This is the second of my blogs to capture some of the events that are happening right now in our part of Thailand, the northeast a region called Isaan. Mushrooms and monks may seem like an odd combination but they are both at the top of the to-do list for many people this time of the year.
We are in the wet season here a period that covers May/June through to September/October. Although still warm, in the low 30’s most days, it is cooler than the period that precedes it and with the moist soil it combines to cover the treed areas of our area and elsewhere with mushrooms. Isaan people have a fascination with mushrooms, maybe because it is a seasonal treat, a bit like ant eggs in the dry season. Mushrooms are collected at night, so the hills are alive not with the sound of music but mushroom hunters with miner’s lights strapped to their heads searching for this free crop of yumminess.
This post covers the four days in July 24 – 27:
24 June 2018 – Yuan’s First Crop
My sister-in-law and husband, Yuan and Lud, are keen mushroom hunters, because Yaun always maximises what money she can make in every season. The vegetables, that are their everyday cash crop, aren’t ready to harvest so Yuan turns to whatever is available to make some extra money. She and Lud never just sit around with nothing to do. They had been up well before dawn this morning mushroom hunting, along with half of Isaan. Yuan was getting her crop ready for the markets when we arrived for coffee. I am always blown away by the wonderful mix of shapes and colours. My idea of mushrooms before living here was the clinical gray ones in all Australian supermarkets.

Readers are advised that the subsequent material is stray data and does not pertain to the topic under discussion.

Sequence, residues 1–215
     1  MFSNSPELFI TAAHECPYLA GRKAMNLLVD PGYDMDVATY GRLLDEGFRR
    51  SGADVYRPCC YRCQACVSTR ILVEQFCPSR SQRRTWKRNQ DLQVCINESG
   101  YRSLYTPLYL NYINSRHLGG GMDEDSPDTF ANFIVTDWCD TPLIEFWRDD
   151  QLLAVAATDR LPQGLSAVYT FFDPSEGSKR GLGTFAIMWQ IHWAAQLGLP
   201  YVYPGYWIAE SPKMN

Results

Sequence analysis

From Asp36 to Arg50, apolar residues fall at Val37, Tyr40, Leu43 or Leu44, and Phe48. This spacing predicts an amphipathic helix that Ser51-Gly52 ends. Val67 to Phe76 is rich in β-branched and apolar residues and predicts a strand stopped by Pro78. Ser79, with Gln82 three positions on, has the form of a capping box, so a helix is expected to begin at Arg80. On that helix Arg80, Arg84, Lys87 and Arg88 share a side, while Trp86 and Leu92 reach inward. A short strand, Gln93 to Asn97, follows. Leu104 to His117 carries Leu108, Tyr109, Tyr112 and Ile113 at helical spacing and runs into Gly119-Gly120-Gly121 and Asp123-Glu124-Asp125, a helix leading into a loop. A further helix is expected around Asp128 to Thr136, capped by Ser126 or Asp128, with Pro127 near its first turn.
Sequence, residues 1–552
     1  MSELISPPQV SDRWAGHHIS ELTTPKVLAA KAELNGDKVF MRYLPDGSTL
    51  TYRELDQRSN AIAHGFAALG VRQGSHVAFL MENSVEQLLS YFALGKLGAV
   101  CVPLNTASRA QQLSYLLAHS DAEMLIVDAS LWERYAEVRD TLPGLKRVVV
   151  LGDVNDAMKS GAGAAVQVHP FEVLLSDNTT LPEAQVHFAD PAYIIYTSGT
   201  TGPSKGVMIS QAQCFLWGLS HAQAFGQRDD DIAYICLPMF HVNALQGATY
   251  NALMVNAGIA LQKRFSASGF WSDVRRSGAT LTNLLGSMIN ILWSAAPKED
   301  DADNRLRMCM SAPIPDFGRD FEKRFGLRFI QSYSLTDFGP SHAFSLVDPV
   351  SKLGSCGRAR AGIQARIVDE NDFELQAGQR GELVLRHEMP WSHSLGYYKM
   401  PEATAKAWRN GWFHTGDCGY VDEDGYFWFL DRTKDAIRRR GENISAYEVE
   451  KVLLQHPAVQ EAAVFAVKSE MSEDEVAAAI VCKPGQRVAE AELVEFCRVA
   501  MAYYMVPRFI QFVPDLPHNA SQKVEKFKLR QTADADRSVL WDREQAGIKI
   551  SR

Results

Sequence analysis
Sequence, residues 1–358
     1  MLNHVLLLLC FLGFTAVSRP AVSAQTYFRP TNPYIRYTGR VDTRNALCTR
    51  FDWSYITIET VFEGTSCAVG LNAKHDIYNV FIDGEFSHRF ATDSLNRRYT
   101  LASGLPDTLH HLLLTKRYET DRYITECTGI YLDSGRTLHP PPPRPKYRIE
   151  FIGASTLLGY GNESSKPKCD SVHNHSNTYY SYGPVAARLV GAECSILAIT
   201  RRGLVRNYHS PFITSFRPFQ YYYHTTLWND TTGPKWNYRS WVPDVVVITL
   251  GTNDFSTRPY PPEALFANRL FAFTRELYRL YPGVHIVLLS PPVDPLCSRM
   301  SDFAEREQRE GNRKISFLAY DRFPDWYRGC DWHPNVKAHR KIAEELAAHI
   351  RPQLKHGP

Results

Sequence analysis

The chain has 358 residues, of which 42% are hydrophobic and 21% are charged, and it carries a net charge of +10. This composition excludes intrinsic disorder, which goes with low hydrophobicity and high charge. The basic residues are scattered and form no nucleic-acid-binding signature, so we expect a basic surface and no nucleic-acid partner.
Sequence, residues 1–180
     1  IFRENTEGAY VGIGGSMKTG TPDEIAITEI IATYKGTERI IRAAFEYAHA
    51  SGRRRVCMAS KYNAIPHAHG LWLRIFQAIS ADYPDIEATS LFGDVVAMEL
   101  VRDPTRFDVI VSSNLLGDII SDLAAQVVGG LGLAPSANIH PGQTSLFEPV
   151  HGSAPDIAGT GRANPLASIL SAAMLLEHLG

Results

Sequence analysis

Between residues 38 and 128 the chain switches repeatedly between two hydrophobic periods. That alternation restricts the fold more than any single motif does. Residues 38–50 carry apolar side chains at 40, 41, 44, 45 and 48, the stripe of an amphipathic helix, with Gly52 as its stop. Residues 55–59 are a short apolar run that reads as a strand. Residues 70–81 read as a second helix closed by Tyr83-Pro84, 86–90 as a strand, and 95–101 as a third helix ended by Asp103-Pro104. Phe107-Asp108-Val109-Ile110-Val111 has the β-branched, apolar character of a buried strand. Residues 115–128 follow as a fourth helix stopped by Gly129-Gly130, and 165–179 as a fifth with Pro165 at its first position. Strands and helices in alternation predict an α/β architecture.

25 July 2018 – More Mushrooms
I am not going to turn this into a mushroom post so the last photos. The mushroom harvest from last night was so beautiful to this city boy that I had to share one more time. Don’t show your Thai partners otherwise you’ll be off to the markets A slightly different mix from yesterday.
25 July 2018 – A Monk Ordination, Day 1
Buddhist Lent starts on 27 July this year and it is a time when many young Thai men, and some not so young, become ordained as a monk often for the three month Lent period. For those of you who followed the cave rescue I believe most of the boys and their coach are becoming monks, although in their case only for nine days (a lucky number in Thailand).
We have two ordination ceremonies happening in our moo ban, one being a friend of the family – a guy called Tea. Day One is where a lot of the preparation work happens. The ceremonial part is mostly done by the yai (grandmothers) of the village who make traditional sticky rice and banana parcels (also made the day before a wedding) and the krathong, a banana leaf and flower centrepiece.
Food is central of course and the volunteer cooks were there although the big push will be for the crowds at the main ceremony tomorrow. Gaun’s family are heavily involved because this is a friend and neighbour. This is an endless circle of obligation. The next time my Thai family have a party this neighbour will turn up to help as ‘payback’, and so it goes.
One hour after people have eaten all plates, glasses and cutlery, borrowed mainly from the temple, will be washed and packed for return. All of this happens at that washing up area at the back! The efficiency of Isaan people at preparing, serving and cleaning up for a party is world class.
This lot came from a region just south of Udon Thani because that’s the home village of the husband of one of the ladies helping out! Life here works like that. The bamboo is boiled to soften it and then it is cut into strips using…..see next photo